[Chimera-users] Intersurf, protein interface display

Thomas Goddard goddard at cgl.ucsf.edu
Mon Mar 14 09:40:35 PST 2005

Miguel suggests another coloring for protein interface surfaces based
on surface complementarity judged by looking at surface normals.


------- Start of forwarded message -------
Date: Sat, 12 Mar 2005 17:25:29 +0000
From: =?ISO-8859-15?Q?Miguel_Ortiz_Lombard=EDa?= <mol1 at york.ac.uk>
To: Thomas Goddard <goddard at cgl.ucsf.edu>
Subject: Re: [Chimera-users] Intersurf, protein interface display

Hash: SHA1

Hi Tom,

With regard to your very interesting message, I would like to add
another useful way of studying the surfaces of protein-protein (or
protein-whatever) interactions. This way involves the concept of
"surface complementarity", where the buried surfaces are scanned to see
how parallel are the normals to them at every point (in a grid). It is
shown that specific or high-affinity interactions have usually higher
complementarity. There is a paper by Lawrence and Colman
and a program by the same authors in the CCP4 suite called "sc" that
performs such calculation. The "sc" program is also able to add the
"surface complementarity value" to the vertexes of the interacting
surfaces calculated in GRASP. I currently have a little program
(modified by me from a Raster3D jiffy) to colour such a modified surface
according to those values and render it with the render program from
Raster3D. But I don't like GRASP and would like to have this analysis as
a possibility in chimera.

Such analysis have been very useful for me in the past, especially to
study protein-protein interactions. If this is also interesting for you
I would be glad to be of help.



Thomas Goddard wrote:
> Hi Conrad,
>   I read the paper
>     Intersurf: dynamic interface between proteins
>     Nicolas Ray, Xavier Cavin, Jean-Claude Paul, Bernard Maigret
>     Journal of Molecular Graphics and Modelling, 23 (205) 347-354
> It addresses 3 problems: how to find a surface interface between 2 proteins,
> ways to color such a surface, and how to flatten that surface into two
> dimensions.
> The surface calculation was a neat algorithm -- take the
> Delauney tetrahedralization of all atom positions from both proteins,
> then find tetrehedra with vertices from both proteins and cut those
> tetrahedra in half.  The tetrahedra are cut in half with one or 2
> triangles using vertices on tetrahedron edges that connect an atom
> in one protein to an atom in the other protein.  The vertices are
> placed midway between the atoms moved in by their vdw radii.
> They proposed 2 ways of coloring the surface.  One colored vertices
> by how far apart the atoms were in the two proteins that were used to
> create that vertex.  Red to blue shows short to long distances.  The
> other coloring shows types of possible interactions between the two
> residues associated with the two atoms for the tetrahedron edge that
> the surface vertex splits.  They gave different colors for predicted
> hydrogen bonding, hydrophobic packing, pi ... X, pi ... pi, same charges,
> opposite charges.  Not sure what the pi bonding notation means.
> They also described how to flatten the 3-dimensional to a 2-dimensional
> surface with one to one correspondence between vertices and edges.
> Their method tried to come as close as possible to a conformal map.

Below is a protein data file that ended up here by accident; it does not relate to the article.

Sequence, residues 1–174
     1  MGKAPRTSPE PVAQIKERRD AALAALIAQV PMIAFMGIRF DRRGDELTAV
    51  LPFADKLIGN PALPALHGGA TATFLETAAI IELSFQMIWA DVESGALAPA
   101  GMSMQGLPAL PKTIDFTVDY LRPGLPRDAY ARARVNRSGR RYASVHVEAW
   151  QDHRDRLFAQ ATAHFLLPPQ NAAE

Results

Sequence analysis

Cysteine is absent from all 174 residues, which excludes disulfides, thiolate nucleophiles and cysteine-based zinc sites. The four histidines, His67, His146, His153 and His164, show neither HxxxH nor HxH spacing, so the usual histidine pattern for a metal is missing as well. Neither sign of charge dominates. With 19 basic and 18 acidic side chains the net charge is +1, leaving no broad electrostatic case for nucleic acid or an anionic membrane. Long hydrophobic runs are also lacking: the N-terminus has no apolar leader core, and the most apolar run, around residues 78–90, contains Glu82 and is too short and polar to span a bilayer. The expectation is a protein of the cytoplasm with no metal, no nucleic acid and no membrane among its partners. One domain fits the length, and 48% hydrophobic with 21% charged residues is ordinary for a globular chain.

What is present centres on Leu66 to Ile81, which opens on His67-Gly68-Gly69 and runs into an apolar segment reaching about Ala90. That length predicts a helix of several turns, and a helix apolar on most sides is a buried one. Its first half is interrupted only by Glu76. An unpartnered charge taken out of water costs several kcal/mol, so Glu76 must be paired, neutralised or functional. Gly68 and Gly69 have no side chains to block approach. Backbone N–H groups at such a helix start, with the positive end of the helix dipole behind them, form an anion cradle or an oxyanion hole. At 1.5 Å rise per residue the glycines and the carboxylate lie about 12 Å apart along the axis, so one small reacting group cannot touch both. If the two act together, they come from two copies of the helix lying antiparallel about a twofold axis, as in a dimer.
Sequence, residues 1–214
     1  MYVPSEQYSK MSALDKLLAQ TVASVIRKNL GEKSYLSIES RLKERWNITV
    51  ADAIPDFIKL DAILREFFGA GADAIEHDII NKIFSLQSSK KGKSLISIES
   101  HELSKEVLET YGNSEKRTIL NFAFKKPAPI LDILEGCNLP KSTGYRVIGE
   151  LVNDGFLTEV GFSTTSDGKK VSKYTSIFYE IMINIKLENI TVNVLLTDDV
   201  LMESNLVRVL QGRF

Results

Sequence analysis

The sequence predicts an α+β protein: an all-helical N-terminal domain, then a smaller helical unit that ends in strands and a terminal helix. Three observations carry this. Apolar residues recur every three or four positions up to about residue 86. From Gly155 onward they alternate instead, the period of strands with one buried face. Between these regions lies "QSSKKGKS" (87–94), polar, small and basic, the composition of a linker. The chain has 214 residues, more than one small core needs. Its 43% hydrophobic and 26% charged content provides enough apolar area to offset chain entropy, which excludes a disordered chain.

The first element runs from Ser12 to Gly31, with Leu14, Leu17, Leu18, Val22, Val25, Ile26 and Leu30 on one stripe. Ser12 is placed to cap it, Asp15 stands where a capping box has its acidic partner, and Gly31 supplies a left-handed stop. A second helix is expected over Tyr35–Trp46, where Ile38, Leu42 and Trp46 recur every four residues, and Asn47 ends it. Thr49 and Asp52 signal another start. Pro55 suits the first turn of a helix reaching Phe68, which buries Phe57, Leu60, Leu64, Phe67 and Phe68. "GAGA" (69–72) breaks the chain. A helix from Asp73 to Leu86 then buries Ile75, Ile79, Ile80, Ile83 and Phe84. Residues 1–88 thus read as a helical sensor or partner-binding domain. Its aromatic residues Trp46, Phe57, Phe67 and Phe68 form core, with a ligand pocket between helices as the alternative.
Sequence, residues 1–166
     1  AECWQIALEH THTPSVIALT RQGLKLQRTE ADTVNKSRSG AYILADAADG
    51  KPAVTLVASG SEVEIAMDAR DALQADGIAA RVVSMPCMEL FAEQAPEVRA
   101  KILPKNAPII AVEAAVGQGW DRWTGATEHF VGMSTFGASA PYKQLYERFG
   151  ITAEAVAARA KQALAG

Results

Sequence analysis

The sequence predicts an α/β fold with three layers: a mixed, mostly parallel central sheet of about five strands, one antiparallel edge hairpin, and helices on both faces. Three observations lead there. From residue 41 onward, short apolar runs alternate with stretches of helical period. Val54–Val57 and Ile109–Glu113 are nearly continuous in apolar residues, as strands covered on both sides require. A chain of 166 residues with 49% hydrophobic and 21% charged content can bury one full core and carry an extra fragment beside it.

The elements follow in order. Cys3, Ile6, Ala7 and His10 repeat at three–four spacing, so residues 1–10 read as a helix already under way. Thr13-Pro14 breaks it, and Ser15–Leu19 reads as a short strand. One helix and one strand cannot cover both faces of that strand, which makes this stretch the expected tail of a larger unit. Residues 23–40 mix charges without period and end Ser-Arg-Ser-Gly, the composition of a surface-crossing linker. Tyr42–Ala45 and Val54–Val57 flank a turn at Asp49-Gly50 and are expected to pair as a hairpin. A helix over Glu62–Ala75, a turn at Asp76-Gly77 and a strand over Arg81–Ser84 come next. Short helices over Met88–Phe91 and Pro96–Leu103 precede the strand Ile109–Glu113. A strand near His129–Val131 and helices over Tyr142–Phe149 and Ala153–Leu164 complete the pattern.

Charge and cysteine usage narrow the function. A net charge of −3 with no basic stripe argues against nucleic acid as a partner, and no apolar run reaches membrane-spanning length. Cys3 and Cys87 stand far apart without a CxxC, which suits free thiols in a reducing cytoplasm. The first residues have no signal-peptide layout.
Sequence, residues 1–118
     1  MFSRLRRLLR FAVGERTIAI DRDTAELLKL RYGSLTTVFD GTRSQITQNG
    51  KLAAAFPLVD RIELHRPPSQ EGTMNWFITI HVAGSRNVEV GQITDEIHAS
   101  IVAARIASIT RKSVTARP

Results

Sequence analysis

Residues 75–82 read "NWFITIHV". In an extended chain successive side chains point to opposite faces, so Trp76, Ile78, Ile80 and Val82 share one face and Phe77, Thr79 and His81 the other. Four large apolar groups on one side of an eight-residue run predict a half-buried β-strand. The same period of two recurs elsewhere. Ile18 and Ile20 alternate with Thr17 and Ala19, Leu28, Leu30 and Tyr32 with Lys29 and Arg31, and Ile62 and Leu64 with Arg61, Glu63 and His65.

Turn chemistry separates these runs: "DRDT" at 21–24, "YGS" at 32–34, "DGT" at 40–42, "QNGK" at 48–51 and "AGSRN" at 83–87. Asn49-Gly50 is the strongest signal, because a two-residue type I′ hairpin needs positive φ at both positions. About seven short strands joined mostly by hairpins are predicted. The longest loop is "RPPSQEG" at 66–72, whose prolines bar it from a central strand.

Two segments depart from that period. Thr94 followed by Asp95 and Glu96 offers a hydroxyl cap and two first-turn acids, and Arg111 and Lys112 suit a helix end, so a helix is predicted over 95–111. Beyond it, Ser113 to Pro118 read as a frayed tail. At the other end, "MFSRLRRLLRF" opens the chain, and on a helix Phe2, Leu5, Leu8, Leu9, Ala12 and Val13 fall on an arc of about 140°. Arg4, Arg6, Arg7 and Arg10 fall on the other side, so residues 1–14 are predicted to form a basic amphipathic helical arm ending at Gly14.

> Conformal means the angles of the triangles stay the same to the extent
> possible.
> These calculations took a few seconds on 2000-5000 atom proteins.
> Here's my assessment.  I think the concept of showing a protein interaction
> interface and coloring it to show interactions sounds useful for protein-
> protein interaction people.  I think the flattening into 2 dimensions
> is probably not useful.  Conformal maps greatly distort the area of
> the surface if it has curvature (you've seen the maps where Greenland
> is bigger than Africa, Americas, Asia and Europe combined).  So the flattened
> surface is going to be hard to recognize as the interface, unless it
> is already pretty flat.  If it is already pretty flat you might as
> weill just look at the 3-d surface.
> If we wanted to do something with interface surfaces I would suggest
> talking to Tanya Korteme.  We already have all the infra-structure to
> create the surfaces.  I would not use the Delauney surfaces, instead
> just use MSMS surfaces on both proteins showing only the parts associated
> with atoms in one protein that are within 5 angstroms of atoms in the
> other protein.  The zone calculation code I wrote for multiscale could
> do that fast.  We could offer a range of atom colorings that map onto
> the surface (hydrogen bonds, distance to nearest atom in other protein,
> charge complementarity, etc...).
> I don't have time or enough interest to work on this project.  But
> perhaps someone else will.  We have talked about collaborating with
> Tanya Korteme in the past and this would be a good opportunity.
>       Tom
> _______________________________________________
> Chimera-users mailing list
> Chimera-users at cgl.ucsf.edu
> http://www.cgl.ucsf.edu/mailman/listinfo/chimera-users

- - --
correo-e: mol1 at york.ac.uk
- - -----------------------------------------------------------------------
Et ainsi ne pouvant faire que ce qui est juste fût fort,  on a fait que
ce qui est fort fût juste.
                                                 Blaise Pascal, Pensées
Version: GnuPG v1.4.0 (MingW32)
Comment: Using GnuPG with Thunderbird - http://enigmail.mozdev.org

------- End of forwarded message -------

More information about the Chimera-users mailing list